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Teenager Publishes Online Newsletter to Bridge Gap with Grandparents

By Tucker Sutherland, editor


Lauren with her grandmother, Ruth Vincent


July 17, 2005 – If you are a grandparent, or even a parent, you have to love this story. It is about Lauren Teegarden, a high school senior in Portland, Oregon, who has started her own Website. That may not be too unusual but this teenager-created site is called "The Grandparent Connection" – not a topic many teenagers get fired up about.

Lauren began "The Grandparent Connection" in 2003, when she says she saw a need to bridge the "generation gap" between grandparents and their grandchildren.

She says she publishes a newsletter that is distributed only by email, although you can find the newsletters to on her Website at, where you can also subscribe – for free.

“It began as a print newsletter, which I distributed at local (Portland) area senior centers,” says Lauren. “In January 2005, however, I switched to an email-only distribution to reach a greater number of seniors and a greater geographic area.”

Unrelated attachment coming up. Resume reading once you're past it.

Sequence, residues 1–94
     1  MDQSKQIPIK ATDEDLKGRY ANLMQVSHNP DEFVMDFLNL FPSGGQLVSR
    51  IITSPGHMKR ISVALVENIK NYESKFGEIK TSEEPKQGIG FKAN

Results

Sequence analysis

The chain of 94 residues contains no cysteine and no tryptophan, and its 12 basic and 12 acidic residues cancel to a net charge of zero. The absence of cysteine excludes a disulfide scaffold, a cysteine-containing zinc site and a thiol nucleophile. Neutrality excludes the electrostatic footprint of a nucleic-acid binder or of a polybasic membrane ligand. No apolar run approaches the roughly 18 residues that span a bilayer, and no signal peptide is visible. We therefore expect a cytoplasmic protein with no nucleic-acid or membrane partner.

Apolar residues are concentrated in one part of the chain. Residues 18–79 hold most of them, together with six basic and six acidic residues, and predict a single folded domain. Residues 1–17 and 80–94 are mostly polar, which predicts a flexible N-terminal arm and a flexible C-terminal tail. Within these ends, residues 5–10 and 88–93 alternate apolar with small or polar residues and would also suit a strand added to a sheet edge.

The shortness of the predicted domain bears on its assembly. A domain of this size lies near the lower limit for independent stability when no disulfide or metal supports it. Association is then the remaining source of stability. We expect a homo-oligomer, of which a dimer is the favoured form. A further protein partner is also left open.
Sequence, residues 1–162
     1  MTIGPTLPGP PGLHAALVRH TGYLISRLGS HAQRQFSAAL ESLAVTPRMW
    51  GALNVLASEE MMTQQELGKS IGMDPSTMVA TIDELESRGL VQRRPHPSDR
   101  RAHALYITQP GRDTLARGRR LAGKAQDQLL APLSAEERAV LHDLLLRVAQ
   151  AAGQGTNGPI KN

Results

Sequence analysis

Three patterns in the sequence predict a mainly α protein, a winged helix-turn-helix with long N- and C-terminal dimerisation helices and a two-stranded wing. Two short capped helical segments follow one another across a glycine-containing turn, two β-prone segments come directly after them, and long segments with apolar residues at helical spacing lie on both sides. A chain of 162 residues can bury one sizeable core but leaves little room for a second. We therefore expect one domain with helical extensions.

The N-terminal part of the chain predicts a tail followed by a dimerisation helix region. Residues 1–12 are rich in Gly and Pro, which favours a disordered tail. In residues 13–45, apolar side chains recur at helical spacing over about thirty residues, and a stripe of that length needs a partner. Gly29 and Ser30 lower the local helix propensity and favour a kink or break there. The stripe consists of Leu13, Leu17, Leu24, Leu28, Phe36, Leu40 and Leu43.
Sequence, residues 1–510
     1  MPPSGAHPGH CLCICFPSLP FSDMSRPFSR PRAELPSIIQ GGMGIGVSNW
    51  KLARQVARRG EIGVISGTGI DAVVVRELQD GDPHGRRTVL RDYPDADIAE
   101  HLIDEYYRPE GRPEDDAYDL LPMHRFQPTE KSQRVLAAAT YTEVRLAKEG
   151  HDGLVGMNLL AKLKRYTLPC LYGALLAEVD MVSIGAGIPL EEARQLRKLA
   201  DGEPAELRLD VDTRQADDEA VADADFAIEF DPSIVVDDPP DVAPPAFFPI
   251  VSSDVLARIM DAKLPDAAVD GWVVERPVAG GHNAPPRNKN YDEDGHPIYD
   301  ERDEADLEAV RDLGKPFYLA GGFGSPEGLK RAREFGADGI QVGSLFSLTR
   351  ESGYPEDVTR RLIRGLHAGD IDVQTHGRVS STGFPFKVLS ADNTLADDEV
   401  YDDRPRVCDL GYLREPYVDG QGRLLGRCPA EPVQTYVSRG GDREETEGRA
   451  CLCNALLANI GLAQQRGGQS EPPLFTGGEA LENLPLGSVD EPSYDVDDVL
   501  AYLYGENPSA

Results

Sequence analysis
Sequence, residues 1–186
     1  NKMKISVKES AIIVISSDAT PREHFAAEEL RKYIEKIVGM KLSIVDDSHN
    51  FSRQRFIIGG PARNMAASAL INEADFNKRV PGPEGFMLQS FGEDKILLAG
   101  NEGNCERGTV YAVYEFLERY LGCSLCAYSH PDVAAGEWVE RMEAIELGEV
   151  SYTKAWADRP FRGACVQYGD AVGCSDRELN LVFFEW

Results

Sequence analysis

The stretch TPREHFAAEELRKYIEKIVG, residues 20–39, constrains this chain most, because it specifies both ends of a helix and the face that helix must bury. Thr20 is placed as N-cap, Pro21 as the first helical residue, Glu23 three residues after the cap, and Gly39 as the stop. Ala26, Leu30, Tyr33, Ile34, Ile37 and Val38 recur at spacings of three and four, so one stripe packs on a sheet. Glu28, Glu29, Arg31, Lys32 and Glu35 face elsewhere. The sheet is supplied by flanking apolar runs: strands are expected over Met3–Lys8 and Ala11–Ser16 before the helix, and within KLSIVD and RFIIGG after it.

The newsletter covers a wide array of topics, including editiorials, expository articles, crafts, activities, recipes, advice, gift-giving tips, and suggestions to preserve memories. Each month's newsletter features a different combination.

“Currently, I have about 1000 regular subscribers,” she says, “but I also send the newsletter to a few senior centers which distribute print copies.”

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The readers of "The Grandparent Connection" are from all across the continental US, and there are a few in the UK, Australia, and Canada. 

In describing how the publication works, she says, “While I do most of the writing myself, I have started getting other teens to contribute some of the editorial material, since it is getting difficult to keep up with it all! The best part of the process is, of course, the feedback that I receive from the readers. Many seniors seem to enjoy it, and I've gotten some lovely heart-felt letters.”

And, it may have launched a journalistic career - Lauren also writes a column on senior-teen relations for a California-based senior paper. When she gets to college, next year, she says she does plan on exploring “a communications-related field, most likely business with an emphasis on marketing/PR.”